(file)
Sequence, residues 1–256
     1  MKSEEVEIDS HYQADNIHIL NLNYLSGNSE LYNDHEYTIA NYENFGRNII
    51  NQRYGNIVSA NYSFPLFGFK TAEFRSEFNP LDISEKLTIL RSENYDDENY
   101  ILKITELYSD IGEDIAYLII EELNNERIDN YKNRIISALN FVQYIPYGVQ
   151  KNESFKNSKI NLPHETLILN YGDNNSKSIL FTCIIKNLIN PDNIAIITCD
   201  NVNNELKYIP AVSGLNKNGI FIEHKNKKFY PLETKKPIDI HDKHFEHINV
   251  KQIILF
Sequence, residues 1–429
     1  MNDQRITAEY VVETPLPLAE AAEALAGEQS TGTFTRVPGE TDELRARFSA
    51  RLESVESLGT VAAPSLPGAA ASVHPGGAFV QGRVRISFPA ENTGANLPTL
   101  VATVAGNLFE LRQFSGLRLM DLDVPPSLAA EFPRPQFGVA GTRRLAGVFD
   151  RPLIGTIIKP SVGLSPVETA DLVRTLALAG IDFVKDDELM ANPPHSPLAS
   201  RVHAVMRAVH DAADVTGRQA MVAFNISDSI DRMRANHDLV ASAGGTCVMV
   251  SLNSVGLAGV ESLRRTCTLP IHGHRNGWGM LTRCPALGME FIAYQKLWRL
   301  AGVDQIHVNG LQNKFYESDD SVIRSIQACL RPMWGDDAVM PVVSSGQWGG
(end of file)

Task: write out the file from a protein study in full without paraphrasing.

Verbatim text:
Sequence, residues 1–256
     1  MKSEEVEIDS HYQADNIHIL NLNYLSGNSE LYNDHEYTIA NYENFGRNII
    51  NQRYGNIVSA NYSFPLFGFK TAEFRSEFNP LDISEKLTIL RSENYDDENY
   101  ILKITELYSD IGEDIAYLII EELNNERIDN YKNRIISALN FVQYIPYGVQ
   151  KNESFKNSKI NLPHETLILN YGDNNSKSIL FTCIIKNLIN PDNIAIITCD
   201  NVNNELKYIP AVSGLNKNGI FIEHKNKKFY PLETKKPIDI HDKHFEHINV
   251  KQIILF
Sequence, residues 1–429
     1  MNDQRITAEY VVETPLPLAE AAEALAGEQS TGTFTRVPGE TDELRARFSA
    51  RLESVESLGT VAAPSLPGAA ASVHPGGAFV QGRVRISFPA ENTGANLPTL
   101  VATVAGNLFE LRQFSGLRLM DLDVPPSLAA EFPRPQFGVA GTRRLAGVFD
   151  RPLIGTIIKP SVGLSPVETA DLVRTLALAG IDFVKDDELM ANPPHSPLAS
   201  RVHAVMRAVH DAADVTGRQA MVAFNISDSI DRMRANHDLV ASAGGTCVMV
   251  SLNSVGLAGV ESLRRTCTLP IHGHRNGWGM LTRCPALGME FIAYQKLWRL
   301  AGVDQIHVNG LQNKFYESDD SVIRSIQACL RPMWGDDAVM PVVSSGQWGG